Delay in firming up licence renewal terms to blame, says DoT’s wing
Older mobile operators are running their networks without wireless permits. Reason: The Wireless Planning and Coordination (WPC) wing of the Department of Telecom will not give any new permits until issues related to licence renewal, including the one-time spectrum fee, are decided.
This has put telecom companies, including Bharti Airtel and Vodafone, in a spot because without the permit their operations can be technically termed illegal. For example, Bharti Airtel’s permit for using frequency band in Delhi expired on March 29 but has not been renewed. Similarly, Vodafone continues to offer services in Mumbai though its permit expired on March 27.
Telecom companies blame the DoT for the delay. “Operators applied for renewals much before the expiry date but the WPC has not moved on it. Since it’s not our fault that the permits have not been issued, there is no question of terming the services illegal,” said Mr Rajan Mathews, Director-General, Cellular Operators’ Association of India.
Under the existing rules, operators are required to renew their spectrum permit every five years. Although unified access licences are given for a 20-year period, usage of specific frequency bands in a region is controlled by the WPC through this permit. The permit, called Wireless Operating Licence, gives operators the right to use spectrum for a five-year period.
However, the WPC finds itself in a quandary because the 20-year unified licences issued to some operators in 1994-95 come up for renewal in 2014-15. Hence, if it gives wireless permits now for the next five years, then operators could claim right to the spectrum till 2017. Therefore, the wireless authority wants clarity on the larger policy terms and conditions for renewing the unified licence before issuing fresh wireless permits.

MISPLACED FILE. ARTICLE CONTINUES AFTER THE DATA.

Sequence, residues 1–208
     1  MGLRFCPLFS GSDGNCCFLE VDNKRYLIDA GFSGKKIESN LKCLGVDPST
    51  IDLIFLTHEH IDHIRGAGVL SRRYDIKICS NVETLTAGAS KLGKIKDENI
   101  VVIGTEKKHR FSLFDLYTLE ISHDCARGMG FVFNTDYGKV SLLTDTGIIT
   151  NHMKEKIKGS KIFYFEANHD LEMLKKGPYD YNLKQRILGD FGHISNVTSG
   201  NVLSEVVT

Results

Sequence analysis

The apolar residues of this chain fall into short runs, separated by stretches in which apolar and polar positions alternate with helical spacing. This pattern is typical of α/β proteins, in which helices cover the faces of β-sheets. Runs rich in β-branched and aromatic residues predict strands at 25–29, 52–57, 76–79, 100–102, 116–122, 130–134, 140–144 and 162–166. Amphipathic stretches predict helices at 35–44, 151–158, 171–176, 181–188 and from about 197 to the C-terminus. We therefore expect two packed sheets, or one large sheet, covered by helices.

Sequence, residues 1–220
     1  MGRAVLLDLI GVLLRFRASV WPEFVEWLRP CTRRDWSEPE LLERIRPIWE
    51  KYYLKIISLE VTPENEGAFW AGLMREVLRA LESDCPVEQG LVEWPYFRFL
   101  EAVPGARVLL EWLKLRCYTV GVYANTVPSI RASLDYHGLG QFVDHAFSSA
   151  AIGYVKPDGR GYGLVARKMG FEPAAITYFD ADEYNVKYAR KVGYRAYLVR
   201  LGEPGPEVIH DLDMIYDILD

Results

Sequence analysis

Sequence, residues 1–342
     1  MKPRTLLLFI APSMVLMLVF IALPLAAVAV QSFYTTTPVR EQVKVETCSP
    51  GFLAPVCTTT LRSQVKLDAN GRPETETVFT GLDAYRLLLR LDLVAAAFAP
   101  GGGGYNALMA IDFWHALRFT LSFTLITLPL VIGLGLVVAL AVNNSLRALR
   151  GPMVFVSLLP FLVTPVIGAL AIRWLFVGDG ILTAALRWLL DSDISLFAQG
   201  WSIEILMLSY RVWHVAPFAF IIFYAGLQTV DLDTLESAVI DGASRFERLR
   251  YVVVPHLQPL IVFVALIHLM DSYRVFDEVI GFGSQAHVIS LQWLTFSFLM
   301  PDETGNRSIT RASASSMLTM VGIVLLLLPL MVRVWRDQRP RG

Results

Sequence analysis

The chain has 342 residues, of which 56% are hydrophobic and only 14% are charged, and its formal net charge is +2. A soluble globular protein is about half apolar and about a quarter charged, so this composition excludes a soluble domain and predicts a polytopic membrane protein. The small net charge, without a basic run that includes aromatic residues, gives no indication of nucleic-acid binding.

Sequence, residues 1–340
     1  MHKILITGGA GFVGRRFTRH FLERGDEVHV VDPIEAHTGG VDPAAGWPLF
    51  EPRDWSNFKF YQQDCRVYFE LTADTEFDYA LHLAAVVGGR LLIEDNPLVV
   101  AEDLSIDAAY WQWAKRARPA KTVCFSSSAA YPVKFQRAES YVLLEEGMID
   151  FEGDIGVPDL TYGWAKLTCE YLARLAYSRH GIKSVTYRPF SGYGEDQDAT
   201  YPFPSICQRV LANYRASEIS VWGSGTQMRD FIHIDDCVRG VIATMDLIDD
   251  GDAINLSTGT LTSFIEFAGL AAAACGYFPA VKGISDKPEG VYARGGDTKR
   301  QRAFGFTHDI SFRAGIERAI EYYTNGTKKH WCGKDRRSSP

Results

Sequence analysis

“At present, issues such as spectrum re-farming, liberalisation of spectrum, spectrum trading and sharing are under consideration of the Government. Issuance of fresh wireless operating licences and renewal of old permits are kept pending for want of direction in the matter,” WPC said in an internal note seen by Business Line.
Impact on consumers
There is unlikely to be any impact on mobile consumers as operators said the delay in getting the permit will not impact operations. “We are not going to shut down cell sites for lack of this permit. It is up to the DoT to give us the licence,” said a Mumbai-based operator.
The industry is also making a presentation to the Government to do away with the need for taking this permit every five years. “We have a 20-year licence period and we are also paying spectrum usage charges, so what is the need for this permit once an operator sets up his network and begins operations. This just adds to the procedural hassles,” said another mobile operator.